A personal piece about waking dreams, mysticism, and verticality in Scandinavian theatre and videogames. I discuss Henrik Ibsen’s The Master Builder and When We Dead Awaken, next to a special level from Nifflas’ Knytt Stories.
After a hiatus, we’re back with Ontological Geek podcasts again. This time, Aaron Gotzon and I had former editor-in-chief Bill Coberly and Amsel von Spreckelsen as guests, and our main topic was bodies as a locus of morality in games, particularly sections where control in taken away from bodies and they are destroyed in a spectacle, which at the same time is the outcome of a moral judgment, such as at the end of a duel, like in Mortal Kombat’s ‘finish hem/her’ sections. Besides that, we talk about Darren Korb’s music in Bastion and Transistor, and a variety of other games.
On the second Ontological Geek podcast episode, Aaron and I are joined by Amsel von Spreckelsen and Rowan Noel Stokvis to discuss the portrayal of mental health asylums in videogames, as well as some other related topics. Among the games discussed are Amnesia: the Dark Descent, the Thief games, Batman: Arkham Asylum, Dark Souls, Outlast, Brothers: a Tale of Two Sons, and To the Moon.
With my fellow writer at The Ontological Geek, Aaron Gotzon, I’ve been working on setting up a regular podcast dedicated to games, with a particular focus on music and drama in games. Our first episode went up last month, and we’re aiming to make the podcast a regular feature.
The first episode focuses on the music of composer Chris Christodoulou, specifically his soundtrack for the game Risk of Rain. We also discuss the musical trope generally known as the ‘one woman wail’ and deliberate a bit about where it came from and how it works.
I recently interviewed composer Jessica Curry of videogame studio The Chinese Room about her music, its relation to (virtual) spaces, and her current work on the upcoming game Everybody’s Gone to the Rapture.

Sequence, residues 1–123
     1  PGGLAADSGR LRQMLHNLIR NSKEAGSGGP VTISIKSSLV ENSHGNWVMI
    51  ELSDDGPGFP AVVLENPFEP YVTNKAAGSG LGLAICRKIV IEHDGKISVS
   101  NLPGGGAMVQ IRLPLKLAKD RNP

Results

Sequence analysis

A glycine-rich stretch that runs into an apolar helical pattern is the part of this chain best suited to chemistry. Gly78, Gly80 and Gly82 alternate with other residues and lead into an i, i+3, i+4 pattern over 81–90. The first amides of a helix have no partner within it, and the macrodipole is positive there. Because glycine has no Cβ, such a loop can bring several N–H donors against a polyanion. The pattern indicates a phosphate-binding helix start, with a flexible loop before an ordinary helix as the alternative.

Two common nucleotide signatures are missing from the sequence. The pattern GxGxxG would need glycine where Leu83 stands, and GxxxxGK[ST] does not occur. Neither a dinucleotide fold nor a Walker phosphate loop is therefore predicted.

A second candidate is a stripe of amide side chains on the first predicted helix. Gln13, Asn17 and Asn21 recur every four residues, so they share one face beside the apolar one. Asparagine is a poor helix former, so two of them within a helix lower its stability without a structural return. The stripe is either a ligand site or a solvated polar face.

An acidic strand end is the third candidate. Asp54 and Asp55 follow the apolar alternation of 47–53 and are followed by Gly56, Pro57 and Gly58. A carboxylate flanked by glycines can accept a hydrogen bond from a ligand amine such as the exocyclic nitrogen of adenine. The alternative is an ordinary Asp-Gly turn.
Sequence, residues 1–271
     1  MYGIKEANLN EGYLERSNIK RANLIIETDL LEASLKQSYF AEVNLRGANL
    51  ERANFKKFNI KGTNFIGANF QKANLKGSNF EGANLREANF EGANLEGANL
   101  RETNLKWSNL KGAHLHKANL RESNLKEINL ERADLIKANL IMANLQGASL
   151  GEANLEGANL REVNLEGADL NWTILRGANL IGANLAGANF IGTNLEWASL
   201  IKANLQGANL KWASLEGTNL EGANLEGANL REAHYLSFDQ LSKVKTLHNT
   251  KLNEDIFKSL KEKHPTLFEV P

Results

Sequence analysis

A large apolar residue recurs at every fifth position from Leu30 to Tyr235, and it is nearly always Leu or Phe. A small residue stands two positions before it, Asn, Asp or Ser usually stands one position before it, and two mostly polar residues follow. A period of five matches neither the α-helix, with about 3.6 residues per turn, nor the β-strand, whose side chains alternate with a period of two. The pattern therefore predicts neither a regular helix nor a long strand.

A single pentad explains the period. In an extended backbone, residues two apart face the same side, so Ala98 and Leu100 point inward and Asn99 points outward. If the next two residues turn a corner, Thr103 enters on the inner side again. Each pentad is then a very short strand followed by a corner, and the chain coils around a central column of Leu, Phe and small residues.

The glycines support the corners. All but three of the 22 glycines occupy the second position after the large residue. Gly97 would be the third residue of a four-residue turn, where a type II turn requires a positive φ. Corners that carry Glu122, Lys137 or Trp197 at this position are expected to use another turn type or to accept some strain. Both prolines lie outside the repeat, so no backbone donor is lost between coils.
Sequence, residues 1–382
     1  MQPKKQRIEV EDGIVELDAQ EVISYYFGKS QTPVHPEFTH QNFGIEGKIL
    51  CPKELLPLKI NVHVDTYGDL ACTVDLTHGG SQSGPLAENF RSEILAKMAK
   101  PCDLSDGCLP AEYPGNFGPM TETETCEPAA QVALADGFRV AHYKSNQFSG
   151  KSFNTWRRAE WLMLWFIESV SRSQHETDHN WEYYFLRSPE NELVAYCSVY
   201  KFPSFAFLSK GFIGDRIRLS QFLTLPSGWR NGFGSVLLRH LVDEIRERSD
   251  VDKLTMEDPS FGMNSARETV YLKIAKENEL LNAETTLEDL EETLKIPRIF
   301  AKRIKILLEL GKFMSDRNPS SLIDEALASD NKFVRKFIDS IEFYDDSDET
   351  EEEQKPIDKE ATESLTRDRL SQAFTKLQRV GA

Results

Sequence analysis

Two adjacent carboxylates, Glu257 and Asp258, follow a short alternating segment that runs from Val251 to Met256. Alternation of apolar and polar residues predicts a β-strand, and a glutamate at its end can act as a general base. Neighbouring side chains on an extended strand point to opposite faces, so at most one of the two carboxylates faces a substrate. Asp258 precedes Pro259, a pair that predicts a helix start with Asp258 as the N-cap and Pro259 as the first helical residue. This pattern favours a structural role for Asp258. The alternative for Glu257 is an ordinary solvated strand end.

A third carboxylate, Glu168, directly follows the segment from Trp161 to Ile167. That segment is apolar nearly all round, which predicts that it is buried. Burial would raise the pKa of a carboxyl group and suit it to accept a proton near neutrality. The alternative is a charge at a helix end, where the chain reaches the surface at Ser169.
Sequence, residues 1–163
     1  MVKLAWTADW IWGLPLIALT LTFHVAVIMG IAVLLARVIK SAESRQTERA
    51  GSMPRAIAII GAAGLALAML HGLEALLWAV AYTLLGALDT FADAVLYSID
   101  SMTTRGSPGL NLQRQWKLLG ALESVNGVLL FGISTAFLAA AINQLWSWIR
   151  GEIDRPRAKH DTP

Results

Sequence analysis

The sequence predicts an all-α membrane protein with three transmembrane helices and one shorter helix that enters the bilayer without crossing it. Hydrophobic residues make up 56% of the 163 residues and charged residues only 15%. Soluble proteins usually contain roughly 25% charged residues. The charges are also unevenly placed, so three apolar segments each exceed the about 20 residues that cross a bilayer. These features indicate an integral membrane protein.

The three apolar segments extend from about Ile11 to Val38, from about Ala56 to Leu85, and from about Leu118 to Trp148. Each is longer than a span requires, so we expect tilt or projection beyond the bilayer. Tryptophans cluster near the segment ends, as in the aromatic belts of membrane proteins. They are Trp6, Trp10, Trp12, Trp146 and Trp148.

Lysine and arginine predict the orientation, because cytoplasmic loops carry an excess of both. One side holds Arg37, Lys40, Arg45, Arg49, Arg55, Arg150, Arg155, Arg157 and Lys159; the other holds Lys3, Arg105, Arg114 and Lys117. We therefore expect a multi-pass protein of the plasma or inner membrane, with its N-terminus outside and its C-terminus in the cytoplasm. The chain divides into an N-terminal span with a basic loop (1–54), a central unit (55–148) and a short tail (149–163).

Check out the interview over at Evening of Light.
Throughout human history, in art and religion, we find a longing for deliverance, the view of a promised land just out of our current reach, whether somewhere else on some part of (mythologised) Earth, or in a world beyond.
Recently I had a dream wherein I was repeatedly meeting a dark-haired woman, predominantly in my workplace and other day-to-day environments. On a very literal level - as far as any such thing exists in dreams - it was just someone who appeared to take pleasure in my company and who came to see me often, me enjoying her company and the attention it brought, but not desiring any relations beyond friendship. My self-effacing side would say she was a projection of latent narcissism. However, on an emotional and symbolic level, there was a deeper attraction, but at the same time a mortal fear or sense of danger. This seemingly normal woman was at some non-apparent level a femme fatale.
This is going to be a very brief impression, but there’s another game I wanted to share with you. Ruins, developed by Cardboard Computer, is a new digital art piece in which you control a dog, Agatha, who chases a number of white rabbits in a dreamlike landscape which is dominated by ruins, trees, fog, and piano.